Over a period of eight and a half weeks, up to 6th December 2001, the United States Armed Forces
are reported to have killed over three and a half thousand civilians
. This figure was arrived at by Prof. Mark W. Herold of the University of New Hampshire
, after reviewing official press agency
releases, eye witness
accounts and NGO
google will give you the full report, and you can judge for yourself.
I find it difficult to comment on this figure. Whatever your beliefs, whatever else may have happened, it was a terrible waste of human life.
The primary sources of information for the research were:
The Guardian - UK
the International Herald Tribune - US
The Scotsman - UK
The Los Angeles Times
The Pakistan Observer - PAK
The BBC - UK
The Times of India
Agence France Presse
The Independant - UK
Various eye witness reports, including reports from medical facilities.
Reports of casualties were not taken into account when no specific numbers were given, for instance where 'scores' or 'dozens' were reported to have been killed by American attacks.
The Pentagon briefings specifically denied that many attacks occured, even when there was clear evidence.
This may not be palatable, but should not be ignored. Please save your feelings on the justification of the attacks for elsewhere.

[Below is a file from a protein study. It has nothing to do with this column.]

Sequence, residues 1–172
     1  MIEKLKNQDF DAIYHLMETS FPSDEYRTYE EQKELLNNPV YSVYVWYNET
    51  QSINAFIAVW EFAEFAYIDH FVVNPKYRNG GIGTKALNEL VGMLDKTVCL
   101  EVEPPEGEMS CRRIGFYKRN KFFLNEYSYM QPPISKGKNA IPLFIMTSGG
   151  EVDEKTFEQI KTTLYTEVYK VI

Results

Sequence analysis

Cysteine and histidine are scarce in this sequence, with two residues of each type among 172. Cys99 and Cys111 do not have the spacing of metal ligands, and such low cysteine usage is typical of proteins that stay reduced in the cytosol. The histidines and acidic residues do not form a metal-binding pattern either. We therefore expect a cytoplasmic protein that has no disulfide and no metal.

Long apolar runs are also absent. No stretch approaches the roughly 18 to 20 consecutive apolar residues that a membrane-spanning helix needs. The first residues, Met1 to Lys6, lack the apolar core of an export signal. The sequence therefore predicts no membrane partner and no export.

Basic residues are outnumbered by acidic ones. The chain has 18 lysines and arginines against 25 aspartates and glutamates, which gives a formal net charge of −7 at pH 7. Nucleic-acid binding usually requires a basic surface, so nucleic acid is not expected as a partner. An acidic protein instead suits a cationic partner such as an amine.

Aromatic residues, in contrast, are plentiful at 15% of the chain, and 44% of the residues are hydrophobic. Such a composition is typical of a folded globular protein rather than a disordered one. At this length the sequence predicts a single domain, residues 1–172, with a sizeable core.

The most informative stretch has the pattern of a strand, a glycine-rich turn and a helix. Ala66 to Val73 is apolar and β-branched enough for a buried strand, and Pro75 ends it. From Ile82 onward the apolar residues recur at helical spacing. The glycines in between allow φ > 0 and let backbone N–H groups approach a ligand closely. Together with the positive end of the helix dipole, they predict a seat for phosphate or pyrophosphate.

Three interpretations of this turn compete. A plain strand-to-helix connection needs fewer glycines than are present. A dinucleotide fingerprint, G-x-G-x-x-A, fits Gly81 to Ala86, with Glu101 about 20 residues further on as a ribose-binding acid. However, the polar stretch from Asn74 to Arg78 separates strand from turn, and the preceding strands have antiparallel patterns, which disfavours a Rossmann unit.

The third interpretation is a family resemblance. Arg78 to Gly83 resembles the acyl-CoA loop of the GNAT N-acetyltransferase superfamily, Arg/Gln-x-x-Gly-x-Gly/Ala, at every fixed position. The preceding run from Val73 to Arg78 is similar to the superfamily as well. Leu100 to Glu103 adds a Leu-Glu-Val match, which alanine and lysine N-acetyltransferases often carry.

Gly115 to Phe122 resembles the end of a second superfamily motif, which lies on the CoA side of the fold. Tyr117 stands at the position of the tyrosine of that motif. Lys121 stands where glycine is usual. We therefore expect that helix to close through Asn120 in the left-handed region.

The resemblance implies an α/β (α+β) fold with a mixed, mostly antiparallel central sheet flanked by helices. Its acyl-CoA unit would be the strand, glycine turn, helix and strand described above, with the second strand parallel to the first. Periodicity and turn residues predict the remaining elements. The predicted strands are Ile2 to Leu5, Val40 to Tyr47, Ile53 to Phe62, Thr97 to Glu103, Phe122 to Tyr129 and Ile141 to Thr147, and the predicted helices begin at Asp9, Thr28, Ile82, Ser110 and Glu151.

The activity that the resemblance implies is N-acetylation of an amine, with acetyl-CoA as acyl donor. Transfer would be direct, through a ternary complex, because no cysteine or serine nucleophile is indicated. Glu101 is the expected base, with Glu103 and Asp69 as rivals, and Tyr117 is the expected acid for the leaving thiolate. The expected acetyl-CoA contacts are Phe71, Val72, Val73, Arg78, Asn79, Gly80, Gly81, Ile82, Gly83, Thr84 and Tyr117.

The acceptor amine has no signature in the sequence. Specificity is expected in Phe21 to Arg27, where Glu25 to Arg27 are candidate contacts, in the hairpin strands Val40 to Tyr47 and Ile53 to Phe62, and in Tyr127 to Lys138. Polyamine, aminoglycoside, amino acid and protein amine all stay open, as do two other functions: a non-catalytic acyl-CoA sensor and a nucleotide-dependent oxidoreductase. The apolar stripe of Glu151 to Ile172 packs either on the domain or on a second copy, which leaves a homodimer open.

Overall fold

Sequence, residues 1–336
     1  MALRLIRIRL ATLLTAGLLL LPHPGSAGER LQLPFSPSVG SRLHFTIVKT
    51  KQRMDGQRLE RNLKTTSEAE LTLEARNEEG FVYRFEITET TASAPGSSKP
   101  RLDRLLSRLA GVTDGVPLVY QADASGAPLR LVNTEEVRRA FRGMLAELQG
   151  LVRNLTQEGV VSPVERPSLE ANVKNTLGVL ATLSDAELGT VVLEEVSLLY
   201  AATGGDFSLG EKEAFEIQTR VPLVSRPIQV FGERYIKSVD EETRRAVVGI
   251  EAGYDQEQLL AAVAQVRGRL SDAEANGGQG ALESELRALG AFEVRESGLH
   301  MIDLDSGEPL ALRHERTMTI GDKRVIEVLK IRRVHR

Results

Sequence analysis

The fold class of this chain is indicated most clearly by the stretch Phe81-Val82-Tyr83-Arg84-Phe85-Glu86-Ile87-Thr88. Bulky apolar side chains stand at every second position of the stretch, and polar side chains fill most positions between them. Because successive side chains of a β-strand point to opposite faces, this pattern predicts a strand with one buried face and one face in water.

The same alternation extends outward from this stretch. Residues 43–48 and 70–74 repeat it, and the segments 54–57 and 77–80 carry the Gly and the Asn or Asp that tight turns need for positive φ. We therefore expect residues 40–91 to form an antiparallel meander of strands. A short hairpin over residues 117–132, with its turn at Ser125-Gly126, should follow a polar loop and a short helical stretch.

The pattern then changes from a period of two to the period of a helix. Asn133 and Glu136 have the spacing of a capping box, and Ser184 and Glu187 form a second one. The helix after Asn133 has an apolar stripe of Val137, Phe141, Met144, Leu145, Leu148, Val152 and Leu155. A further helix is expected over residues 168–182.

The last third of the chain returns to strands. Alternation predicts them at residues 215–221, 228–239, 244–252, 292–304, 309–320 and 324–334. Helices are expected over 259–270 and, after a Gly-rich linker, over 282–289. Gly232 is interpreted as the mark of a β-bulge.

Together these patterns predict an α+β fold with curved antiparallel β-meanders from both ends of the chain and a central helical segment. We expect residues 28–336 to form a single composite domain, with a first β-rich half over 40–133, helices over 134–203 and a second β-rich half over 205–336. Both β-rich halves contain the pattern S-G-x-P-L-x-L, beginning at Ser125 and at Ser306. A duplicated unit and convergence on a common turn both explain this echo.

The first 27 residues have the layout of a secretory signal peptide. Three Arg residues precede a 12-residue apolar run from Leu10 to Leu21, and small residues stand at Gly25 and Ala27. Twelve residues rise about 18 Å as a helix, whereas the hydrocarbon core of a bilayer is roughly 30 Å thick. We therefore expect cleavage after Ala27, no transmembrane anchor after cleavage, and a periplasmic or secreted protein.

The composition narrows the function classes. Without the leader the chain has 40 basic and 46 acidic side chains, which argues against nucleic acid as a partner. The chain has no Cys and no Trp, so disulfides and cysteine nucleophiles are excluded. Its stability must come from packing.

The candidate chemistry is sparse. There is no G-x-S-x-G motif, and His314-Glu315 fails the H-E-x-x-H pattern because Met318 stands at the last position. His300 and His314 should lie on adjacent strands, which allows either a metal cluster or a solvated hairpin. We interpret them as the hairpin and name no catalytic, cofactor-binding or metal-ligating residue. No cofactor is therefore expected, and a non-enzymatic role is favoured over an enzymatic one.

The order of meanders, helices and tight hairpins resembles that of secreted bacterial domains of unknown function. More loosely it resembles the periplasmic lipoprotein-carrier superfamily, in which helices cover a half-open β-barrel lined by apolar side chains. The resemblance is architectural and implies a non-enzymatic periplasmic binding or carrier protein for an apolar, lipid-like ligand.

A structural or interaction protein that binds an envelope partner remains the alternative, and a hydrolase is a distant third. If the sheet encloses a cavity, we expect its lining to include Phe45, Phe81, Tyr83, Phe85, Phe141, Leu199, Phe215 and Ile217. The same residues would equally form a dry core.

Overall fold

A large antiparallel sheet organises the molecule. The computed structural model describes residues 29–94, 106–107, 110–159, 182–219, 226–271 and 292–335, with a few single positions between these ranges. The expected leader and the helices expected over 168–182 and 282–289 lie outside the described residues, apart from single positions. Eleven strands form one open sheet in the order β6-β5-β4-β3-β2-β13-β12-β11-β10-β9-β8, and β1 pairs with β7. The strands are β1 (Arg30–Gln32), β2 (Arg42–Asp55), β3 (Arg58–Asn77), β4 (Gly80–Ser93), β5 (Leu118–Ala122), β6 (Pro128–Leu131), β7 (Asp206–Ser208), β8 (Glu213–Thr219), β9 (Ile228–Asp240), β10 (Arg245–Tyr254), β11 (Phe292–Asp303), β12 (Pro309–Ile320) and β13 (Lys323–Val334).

Coverage on civilian casualties has been sparse on the US networks. Fox news has publicly considered the issue not newsworthy. Here's a quote from Fox presenter Brit Hume: "The question I have," said Hume, "is civilian casualties are historically, by definition, a part of war, really. Should they be as big news as they've been?" (fair.org)
A memo circulated at the Panama City New Herald ran: "DO NOT USE photos on Page 1A showing civilian casualties from the U.S. war on Afghanistan. Our sister paper in Fort Walton Beach has done so and received hundreds and hundreds of threatening e-mails and the like.... DO NOT USE wire stories which lead with civilian casualties from the U.S. war on Afghanistan. They should be mentioned further down in the story. If the story needs rewriting to play down the civilian casualties, DO IT. The only exception is if the U.S. hits an orphanage, school or similar facility and kills scores or hundreds of children." (fair.org)
According to the Washingotn Post, CNN chair Walter Issacson "has ordered his staff to balance images of civilian devastation in Afghan cities with reminders that the Taliban harbors murderous terrorists, saying it 'seems perverse to focus too much on the casualties or hardship in Afghanistan.'" (fair.org)
At the moment, the report itself can be seen at http://www.cursor.org/stories/civilian_deaths.htm. My apologies for the outside link, but I feel this could use better exposure.
One further note on casualty figures. Why would it be a terrible thing if 200 civilians had been killed in a bombing, but if only 50 had been killed it would be alright? No harm done? Last September, a terrorist group inflicted horrific military and civilian casualties on the US. The US, in return, did the same to their host country. In the end, That's as pretty a picture as we can paint.